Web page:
BILOXI, MS (WLOX) - Margaritaville, Boomtown, and Silver Slipper may the last of their kind on the Mississippi Coast. The State Gaming Commission said on Thursday the days of building casinos without hotels are over.
Palace Casino General Manager Keith Crosby said, "I think we've already demonstrated that without certain amenities and an entire resort package all we're going to do is make the slices of the pie smaller instead of growing the overall market and tourism in general."
Initially the Mississippi Gaming Commission considered requiring new casino developments to build what are considered four star hotels, a rating seen at luxury properties. The rating change to three-diamond was a relief to some folks on the coast who said four star is simply out of the price range of most coast visitors. However, there is still some concern about the 300 hotel room requirement.
But others see the room requirement as protecting the future of the casino industry.
"It helps guarantee that the market as we go forward is going to be a quality market and not something that's slot parlors," said Attorney Michael Cavanaugh, who has represented casino interest since the 1980s.
Biloxi Community Development Director Jerry Creel said the commission made a good call.
"One of the concerns from a lot of the existing casinos was that they were going to have to compete with new applicants for casinos that might not have the financial substance to survive," Creel said. "What this does is make sure that anyone who comes forward with a plan certainly has their finances in order and has the amenities it takes to create a full resort type development. I think the gaming commission made the right decision."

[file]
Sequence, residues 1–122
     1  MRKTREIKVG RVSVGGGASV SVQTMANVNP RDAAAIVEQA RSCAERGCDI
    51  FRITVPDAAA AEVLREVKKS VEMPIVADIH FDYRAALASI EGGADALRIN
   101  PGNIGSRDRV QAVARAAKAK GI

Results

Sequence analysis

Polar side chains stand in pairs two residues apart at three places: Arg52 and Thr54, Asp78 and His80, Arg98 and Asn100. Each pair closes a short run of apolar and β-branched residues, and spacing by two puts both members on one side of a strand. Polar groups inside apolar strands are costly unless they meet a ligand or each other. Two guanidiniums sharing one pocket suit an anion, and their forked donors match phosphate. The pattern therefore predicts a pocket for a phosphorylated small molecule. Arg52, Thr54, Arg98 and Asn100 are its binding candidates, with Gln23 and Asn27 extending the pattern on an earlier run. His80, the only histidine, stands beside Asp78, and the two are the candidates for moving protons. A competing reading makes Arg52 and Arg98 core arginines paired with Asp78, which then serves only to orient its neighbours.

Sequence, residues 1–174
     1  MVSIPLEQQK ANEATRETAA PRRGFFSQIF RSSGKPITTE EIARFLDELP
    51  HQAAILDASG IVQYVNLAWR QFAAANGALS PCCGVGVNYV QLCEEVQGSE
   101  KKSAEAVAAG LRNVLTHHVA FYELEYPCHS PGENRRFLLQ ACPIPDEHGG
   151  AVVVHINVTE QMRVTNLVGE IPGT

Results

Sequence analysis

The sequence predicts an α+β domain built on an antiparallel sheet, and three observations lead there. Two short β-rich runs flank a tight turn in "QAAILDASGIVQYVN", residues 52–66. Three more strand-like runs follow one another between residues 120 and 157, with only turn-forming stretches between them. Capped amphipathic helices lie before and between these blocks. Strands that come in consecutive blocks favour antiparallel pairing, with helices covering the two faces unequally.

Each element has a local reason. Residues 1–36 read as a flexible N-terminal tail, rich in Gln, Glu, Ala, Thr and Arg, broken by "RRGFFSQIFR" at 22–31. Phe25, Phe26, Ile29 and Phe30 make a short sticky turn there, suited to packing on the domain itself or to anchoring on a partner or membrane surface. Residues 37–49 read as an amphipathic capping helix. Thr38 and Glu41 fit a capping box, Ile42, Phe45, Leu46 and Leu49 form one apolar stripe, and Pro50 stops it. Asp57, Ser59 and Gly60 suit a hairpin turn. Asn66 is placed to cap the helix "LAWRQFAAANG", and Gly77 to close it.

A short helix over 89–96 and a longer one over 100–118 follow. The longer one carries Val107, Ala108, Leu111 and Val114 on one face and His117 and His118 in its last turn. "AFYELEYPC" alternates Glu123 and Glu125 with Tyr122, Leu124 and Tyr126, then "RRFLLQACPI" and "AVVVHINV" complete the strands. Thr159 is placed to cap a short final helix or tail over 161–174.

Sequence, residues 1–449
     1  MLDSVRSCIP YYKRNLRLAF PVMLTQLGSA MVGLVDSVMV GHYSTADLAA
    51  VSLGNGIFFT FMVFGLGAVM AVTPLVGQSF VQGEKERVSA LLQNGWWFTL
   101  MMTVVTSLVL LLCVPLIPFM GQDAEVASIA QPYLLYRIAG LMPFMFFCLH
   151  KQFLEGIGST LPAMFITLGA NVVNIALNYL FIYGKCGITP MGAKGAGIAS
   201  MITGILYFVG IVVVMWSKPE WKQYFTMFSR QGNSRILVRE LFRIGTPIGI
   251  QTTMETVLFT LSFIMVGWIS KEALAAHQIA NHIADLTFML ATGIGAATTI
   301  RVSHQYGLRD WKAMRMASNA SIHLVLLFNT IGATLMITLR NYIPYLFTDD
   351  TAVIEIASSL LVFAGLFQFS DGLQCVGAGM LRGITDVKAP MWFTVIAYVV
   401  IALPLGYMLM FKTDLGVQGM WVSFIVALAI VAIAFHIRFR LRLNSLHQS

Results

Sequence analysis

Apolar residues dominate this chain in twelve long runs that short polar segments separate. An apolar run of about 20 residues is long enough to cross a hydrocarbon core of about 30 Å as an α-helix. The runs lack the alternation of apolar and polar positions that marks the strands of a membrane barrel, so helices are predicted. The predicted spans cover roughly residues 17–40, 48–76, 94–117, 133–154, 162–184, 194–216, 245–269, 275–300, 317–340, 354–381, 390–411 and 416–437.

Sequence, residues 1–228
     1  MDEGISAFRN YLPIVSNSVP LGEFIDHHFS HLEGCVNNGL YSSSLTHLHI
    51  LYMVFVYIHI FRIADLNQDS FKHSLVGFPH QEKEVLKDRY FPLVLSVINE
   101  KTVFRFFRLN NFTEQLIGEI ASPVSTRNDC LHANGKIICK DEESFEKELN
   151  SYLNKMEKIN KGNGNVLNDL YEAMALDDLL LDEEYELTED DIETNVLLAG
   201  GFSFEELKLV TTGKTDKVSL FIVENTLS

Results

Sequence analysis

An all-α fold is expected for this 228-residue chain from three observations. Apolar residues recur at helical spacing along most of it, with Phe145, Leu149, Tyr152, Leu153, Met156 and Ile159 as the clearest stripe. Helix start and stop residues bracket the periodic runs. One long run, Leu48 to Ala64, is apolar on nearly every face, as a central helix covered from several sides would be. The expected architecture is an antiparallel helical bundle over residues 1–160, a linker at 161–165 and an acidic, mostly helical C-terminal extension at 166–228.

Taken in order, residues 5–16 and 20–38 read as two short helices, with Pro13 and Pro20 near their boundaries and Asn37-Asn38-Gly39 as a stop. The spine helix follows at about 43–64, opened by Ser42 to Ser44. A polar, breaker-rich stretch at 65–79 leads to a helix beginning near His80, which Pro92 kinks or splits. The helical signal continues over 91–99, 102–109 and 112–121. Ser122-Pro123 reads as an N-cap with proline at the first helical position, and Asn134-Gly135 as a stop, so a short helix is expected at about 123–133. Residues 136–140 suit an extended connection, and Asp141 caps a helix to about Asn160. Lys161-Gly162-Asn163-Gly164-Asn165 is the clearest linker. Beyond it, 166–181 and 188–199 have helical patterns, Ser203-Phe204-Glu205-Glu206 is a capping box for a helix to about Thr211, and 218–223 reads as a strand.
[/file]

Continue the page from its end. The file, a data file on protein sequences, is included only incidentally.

Long Beach leaders sent a letter to the commission opposing the change. City officials said at a meeting Tuesday night that without large tracks of available land, large scale projects aren't likely to locate in their town.
Alderman Gary Ponthieux authored the letter to the commission. Ponthieux said after the commission decision, "I'm definitely not happy with 300 rooms. The innovation market study that I looked at said that 200 rooms is more than adequate. That's just not fair. The 300 rooms not fair at all."
"I definitely will be speaking to our House Gaming Chairman Richard Bennett and several others that are involved. This is really a shock to me that they've allowed this to happen. They are seriously jeopardizing Long Beach's future for a vital economic impact, as well as much needed jobs and taxes for the city, as well as the state."
However, not everyone thinks the room number requirement will stop smaller cities from cashing in on gaming.
Cavanaugh said, "It's a regulation which means you can always work with commission, which they have in past, on how you meet the regulation."
The commission said casino projects already approved have until December 31st to start building under the old regulations.
Mississippi Gaming Commissioner John Hairston said, "Is the hotel room requirement or casino floor space hard and fast? The commission specifically reserved the flexibility to use prudent decision-making in each application. We are looking for value. We are looking for jobs, tax revenue to communities, school districts, and the State. So we will make exceptions where it is clearly in the best interest of the taxpayers."
"Further, we are open-minded on trading size for the value of an amenity. For example, in Tunica we have a higher than desired occupancy hotel rooms," said Hairston. "If an applicant suggested they would build Six Flags Over Tunica if we would relax the hotel requirement, I would anticipate my fellow commissioners would be warm to considering such a trade."